Drones, Surveying, and Micro-Certificates: How NMC Looks Beyond Traditional Community College Programs to Expand its Reach
When Michigan State Police officers need to be trained in the use of drones or underwater ROVs, they come to Traverse City. That’s thanks to a growing initiative by Northwestern Michigan College (NMC) to expand its offerings to include everything from industry partnerships to abbreviated credential programs. The strategy makes NMC an unexpected partner for a variety of organizations – and puts Traverse City on the map in new ways.
In 2018, local businessman, investor and philanthropist Casey Cowell was considering The ticker on Traverse City’s potential to become “the greatest destination for experiential learning”. “If you wanted to learn how to conduct an orchestra, learn to draw or paint, learn how a microprocessor works, cook Asian dishes, weld aluminum, fly an airplane, fly drones…[you] could go to Traverse City for three days, a week or a month and learn this stuff,” Cowell said at the time.
In a way, NMC’s efforts to move beyond the traditional community college model are the realization of Cowell’s vision. Diana Fairbanks, the college’s executive director of public relations, marketing and communications, calls the concept “Portfolio B.” While Portfolio A would encompass typical community college programs and courses, Portfolio B is more niche-oriented – often geared toward industry partners who need specialized types of training for their employees.
“Years ago, we looked at traditional community college trends,” says Fairbanks. “With NMC being a transfer institution, we could look at the horizon and say, ‘Wait a minute, we have declining enrollment and the demographics won’t be there. [for our traditional programs]. We’re going to have to find other ways to help balance the budget, while tapping into some of these unique resources that we have on the Great Lakes. The idea is to have some of these specialized programs that are different from your traditional community college, and they attract people from other parts of the world.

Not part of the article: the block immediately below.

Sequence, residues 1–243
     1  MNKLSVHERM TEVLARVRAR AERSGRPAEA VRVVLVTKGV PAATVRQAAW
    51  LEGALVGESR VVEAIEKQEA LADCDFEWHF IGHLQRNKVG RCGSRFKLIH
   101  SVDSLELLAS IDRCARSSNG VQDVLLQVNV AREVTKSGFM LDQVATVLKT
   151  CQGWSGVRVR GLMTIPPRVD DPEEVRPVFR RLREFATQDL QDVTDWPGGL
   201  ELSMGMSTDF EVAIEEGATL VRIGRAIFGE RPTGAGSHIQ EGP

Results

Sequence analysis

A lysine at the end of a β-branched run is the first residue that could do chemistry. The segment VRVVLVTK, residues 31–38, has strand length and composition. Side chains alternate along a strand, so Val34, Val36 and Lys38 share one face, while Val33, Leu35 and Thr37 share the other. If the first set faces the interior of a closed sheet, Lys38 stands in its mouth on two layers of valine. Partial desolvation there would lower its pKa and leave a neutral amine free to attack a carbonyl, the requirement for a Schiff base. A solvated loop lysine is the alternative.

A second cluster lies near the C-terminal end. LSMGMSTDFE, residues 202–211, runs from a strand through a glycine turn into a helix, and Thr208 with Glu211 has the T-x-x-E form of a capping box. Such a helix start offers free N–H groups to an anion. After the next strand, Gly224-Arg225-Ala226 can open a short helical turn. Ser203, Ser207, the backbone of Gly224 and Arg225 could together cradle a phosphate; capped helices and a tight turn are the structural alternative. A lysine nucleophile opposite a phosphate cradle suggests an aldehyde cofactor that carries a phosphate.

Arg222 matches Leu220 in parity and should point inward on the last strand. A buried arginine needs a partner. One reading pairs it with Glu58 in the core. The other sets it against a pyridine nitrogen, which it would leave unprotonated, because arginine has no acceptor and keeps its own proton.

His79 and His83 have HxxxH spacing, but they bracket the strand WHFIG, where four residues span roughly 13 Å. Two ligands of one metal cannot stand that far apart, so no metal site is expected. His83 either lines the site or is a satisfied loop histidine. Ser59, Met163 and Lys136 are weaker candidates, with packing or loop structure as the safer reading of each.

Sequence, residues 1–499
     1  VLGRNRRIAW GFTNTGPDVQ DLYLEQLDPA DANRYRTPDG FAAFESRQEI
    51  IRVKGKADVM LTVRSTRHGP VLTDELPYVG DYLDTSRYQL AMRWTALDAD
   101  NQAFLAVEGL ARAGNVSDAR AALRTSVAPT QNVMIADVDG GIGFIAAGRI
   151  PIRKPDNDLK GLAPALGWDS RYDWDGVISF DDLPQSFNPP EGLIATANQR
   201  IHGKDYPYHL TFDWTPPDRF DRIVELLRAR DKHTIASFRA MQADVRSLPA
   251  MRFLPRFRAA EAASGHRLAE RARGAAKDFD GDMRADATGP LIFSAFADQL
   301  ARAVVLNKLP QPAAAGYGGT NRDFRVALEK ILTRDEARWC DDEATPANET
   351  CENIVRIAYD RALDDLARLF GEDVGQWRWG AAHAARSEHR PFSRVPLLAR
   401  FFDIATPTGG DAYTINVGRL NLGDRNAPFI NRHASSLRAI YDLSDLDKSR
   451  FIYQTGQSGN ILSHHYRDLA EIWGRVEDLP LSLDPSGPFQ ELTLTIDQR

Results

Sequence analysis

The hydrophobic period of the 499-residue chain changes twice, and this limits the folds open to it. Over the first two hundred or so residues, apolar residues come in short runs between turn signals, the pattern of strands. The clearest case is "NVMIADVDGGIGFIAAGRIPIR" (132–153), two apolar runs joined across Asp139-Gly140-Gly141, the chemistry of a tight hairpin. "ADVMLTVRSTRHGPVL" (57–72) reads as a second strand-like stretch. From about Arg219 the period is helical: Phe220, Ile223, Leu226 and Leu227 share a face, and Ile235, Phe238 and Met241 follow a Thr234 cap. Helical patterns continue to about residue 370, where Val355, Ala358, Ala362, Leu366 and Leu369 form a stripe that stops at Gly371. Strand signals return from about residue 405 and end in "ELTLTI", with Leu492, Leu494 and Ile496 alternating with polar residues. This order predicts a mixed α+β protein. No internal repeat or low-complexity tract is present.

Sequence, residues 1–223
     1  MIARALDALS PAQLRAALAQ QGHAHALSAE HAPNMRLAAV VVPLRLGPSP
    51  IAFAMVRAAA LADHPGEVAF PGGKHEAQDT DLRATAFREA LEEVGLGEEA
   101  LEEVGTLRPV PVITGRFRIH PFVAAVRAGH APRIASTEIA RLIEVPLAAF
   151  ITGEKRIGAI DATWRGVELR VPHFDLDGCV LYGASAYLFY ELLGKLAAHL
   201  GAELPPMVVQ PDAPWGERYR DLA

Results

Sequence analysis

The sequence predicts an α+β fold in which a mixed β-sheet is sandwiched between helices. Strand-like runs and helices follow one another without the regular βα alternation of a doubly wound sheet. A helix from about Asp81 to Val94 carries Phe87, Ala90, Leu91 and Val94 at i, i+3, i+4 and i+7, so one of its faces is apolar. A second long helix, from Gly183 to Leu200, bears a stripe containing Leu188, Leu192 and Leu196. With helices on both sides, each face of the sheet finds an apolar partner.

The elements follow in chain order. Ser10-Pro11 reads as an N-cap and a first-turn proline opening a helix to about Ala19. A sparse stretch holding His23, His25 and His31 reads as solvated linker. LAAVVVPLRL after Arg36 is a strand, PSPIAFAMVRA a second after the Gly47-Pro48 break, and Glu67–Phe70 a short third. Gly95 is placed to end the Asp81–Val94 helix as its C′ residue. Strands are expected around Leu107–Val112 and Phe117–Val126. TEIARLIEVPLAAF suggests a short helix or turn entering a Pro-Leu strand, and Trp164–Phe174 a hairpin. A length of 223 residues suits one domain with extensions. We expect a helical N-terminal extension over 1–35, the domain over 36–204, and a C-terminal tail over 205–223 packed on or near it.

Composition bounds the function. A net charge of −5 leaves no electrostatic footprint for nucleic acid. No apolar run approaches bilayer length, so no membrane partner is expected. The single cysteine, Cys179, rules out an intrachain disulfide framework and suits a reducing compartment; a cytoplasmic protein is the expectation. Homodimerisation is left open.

At the forefront of NMC’s innovative new approach is Jason Slade, named the college’s senior vice president for strategic initiatives last fall. Previously the director of NMC’s technical division, Slade beat out a nationwide field of more than 90 applicants to win the role. According to an October press release, Slade’s new job tasks him with “charting the future direction of the college,” with focus areas including implementing NMC’s new strategic plan, managing the innovation, revenue generation and business partnerships.
“We have a few really distinct areas that we focus on [with the new strategic plan] and one of them is future-focused education,” Slade says of his new role. “That could mean shorter course offerings. This could mean bringing more classes into the online/hybrid environment. This could mean credits for prior learning, so when you come up with certain skills, we don’t force you to start with an introductory course. This could mean training for our industry partners, so these students can take that learning and apply it directly to industry. Really, what we’re trying to do is be more agile.